Home Opinion and Features Why I’d rather pay the car guard than the taxman

Why I’d rather pay the car guard than the taxman

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I begrudge the taxman every cent I pay, because he's not using it well

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I sometimes think the car guards in the parking area of our local shopping mall do a more efficient job than all the thousands of workers in the Receiver of Revenue’s department put together.

The tax people are entrusted with the job of taking money from the rich and giving it to the poor. They are supposed to be the modern day Robin Hoods. But I wonder how much of that money actually reaches the poor.

Once the tax people have our hard-earned cash in their coffers, they need to pay each other salaries, rent offices, buy tons of stationery, run fleets of official vehicles, pay electricity bills, hire office cleaning staff and pay for computer updates and so on.

What’s left over after all that is handed to high-living politicians, a slew of government employees and, finally, to the poor in the form of pensions and grants.

Compare this with the money I pay the car guard every day. He wastes none of it on non-productive things like office rent or vehicle maintenance or stationery. It goes straight into his pocket and then home to feed his wife and children, buy the kids’ school clothes and pay for their education. I believe almost 100 percent of the money I pay him is used for the purpose for which it was intended.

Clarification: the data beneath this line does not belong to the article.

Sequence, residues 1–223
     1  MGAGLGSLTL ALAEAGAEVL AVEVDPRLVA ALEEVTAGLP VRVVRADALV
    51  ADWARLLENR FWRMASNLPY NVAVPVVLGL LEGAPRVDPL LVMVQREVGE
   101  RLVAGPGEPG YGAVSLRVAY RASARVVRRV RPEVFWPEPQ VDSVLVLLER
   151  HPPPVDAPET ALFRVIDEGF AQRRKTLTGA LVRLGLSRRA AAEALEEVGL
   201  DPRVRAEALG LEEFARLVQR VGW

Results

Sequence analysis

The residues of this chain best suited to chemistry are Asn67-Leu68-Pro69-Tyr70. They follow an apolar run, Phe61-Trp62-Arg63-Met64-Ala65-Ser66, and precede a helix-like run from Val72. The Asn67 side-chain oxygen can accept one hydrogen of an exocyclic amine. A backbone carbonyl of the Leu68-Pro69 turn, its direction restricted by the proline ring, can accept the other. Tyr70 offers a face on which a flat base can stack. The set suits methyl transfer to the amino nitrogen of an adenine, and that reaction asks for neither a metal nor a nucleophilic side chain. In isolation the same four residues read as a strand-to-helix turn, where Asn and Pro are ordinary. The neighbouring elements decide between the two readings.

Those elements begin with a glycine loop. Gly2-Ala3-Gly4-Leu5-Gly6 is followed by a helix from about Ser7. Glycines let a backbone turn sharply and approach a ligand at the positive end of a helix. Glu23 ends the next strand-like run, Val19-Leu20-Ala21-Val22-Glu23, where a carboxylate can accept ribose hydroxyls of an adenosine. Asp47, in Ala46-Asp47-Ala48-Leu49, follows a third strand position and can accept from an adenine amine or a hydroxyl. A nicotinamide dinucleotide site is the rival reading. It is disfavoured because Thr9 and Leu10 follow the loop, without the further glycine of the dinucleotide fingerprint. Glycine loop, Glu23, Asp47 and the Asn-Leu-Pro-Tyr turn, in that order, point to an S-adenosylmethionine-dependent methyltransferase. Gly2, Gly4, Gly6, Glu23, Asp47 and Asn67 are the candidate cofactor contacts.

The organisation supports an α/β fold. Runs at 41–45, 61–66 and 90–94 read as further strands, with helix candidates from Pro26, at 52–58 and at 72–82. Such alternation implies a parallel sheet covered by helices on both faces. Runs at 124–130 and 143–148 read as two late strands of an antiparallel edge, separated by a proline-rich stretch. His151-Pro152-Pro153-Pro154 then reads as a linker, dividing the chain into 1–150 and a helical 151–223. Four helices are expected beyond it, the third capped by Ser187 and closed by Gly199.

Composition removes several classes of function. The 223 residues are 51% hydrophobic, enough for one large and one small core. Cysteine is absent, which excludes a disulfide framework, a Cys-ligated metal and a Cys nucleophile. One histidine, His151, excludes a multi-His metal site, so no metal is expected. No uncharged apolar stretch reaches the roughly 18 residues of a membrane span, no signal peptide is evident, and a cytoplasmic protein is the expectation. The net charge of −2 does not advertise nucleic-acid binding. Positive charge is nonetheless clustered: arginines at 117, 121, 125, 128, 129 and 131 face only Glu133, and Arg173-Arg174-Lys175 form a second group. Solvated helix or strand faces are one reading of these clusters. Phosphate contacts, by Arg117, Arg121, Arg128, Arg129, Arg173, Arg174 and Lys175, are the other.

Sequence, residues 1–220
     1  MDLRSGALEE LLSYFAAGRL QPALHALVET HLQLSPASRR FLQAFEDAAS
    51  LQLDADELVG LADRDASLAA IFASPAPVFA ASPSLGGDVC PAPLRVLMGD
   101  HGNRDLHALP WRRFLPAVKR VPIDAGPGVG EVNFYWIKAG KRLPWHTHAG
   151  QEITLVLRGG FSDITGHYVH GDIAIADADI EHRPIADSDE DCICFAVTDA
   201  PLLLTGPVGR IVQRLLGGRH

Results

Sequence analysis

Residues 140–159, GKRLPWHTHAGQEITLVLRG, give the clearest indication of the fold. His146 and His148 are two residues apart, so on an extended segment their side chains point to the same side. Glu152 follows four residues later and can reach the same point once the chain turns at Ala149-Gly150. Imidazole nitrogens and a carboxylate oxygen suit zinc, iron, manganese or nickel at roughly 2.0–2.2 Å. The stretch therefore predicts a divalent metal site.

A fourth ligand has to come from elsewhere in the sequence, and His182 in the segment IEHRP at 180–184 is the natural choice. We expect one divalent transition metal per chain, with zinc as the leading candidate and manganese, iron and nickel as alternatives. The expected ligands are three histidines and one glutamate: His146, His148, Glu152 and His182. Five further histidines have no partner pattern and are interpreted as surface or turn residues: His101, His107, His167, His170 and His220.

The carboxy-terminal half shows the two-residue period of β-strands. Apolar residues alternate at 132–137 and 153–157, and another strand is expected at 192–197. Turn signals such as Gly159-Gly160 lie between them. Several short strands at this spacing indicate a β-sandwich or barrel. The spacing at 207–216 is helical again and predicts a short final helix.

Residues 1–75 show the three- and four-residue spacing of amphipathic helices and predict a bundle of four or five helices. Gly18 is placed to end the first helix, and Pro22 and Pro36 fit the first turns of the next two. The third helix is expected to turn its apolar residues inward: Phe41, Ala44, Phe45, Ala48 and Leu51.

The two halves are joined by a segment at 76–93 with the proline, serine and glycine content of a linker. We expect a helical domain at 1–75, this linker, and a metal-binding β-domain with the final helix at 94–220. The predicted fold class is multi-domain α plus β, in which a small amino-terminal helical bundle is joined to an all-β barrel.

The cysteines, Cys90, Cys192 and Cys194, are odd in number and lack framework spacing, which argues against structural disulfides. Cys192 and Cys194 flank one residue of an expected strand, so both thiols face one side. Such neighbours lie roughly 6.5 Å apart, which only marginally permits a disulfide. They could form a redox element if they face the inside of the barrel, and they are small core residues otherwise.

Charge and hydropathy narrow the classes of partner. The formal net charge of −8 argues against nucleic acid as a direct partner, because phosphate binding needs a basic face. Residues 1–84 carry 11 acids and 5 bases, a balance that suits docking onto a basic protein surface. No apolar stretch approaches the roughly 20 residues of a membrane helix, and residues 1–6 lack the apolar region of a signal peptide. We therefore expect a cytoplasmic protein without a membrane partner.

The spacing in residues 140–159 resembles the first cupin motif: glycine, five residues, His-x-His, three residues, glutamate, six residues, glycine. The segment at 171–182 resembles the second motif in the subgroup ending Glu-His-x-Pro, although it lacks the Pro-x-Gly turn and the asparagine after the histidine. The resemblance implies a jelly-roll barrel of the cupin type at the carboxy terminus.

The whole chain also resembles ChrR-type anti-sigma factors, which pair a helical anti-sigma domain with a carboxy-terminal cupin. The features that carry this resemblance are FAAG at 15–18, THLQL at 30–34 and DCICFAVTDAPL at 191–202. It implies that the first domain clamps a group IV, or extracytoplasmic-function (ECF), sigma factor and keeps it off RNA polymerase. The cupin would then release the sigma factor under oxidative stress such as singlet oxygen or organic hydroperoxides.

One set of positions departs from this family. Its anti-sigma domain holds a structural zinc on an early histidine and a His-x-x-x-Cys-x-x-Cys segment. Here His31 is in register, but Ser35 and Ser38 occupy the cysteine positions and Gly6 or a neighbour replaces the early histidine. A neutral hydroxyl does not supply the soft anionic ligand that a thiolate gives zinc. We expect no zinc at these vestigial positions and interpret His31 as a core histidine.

Probably at least half the taxes I pay go into administrative costs, so the poor lose out rather heavily. The car guard doesn’t lie to me in order to take my money. It’s an honest deal. I know where it’s going and he doesn’t pretend he’s going to use it to save the world from drought or corruption.

I can’t say the same for the taxman. He tells me he is educating the country’s children, while half of them crowd into ill-maintained schools and are not supplied with adequate facilities or taught by properly qualified teachers.

The taxman promises public transport so the poor can get to work, but the trains don’t work, and even if they did, it wouldn’t help because nobody moves the sand off the railway lines.

I begrudge the taxman every cent I pay, because he’s not using it well.

I am happy to pay the parking attendant because I am free to pay what I think he deserves, and he doesn’t try to con me with false promises.

Maybe I should write a letter to the Gupta brothers suggesting they appoint my local car guard as the next minister of finance. Or are they not in charge of cabinet appointments any more? It’s so hard to keep up these days.

Last Laugh

The coach was getting very depressed about the abysmal record of his team, so he called them all into the locker room and said: “Now look, you okes. It seems we have to go back to basics and start right from the beginning again.”

Then he held up a ball and said: “This thing is a rugby ball. You can pass it or you can kick it.”

One of the players put up his hand and said: “Hold on coach. Don’t go so fast.”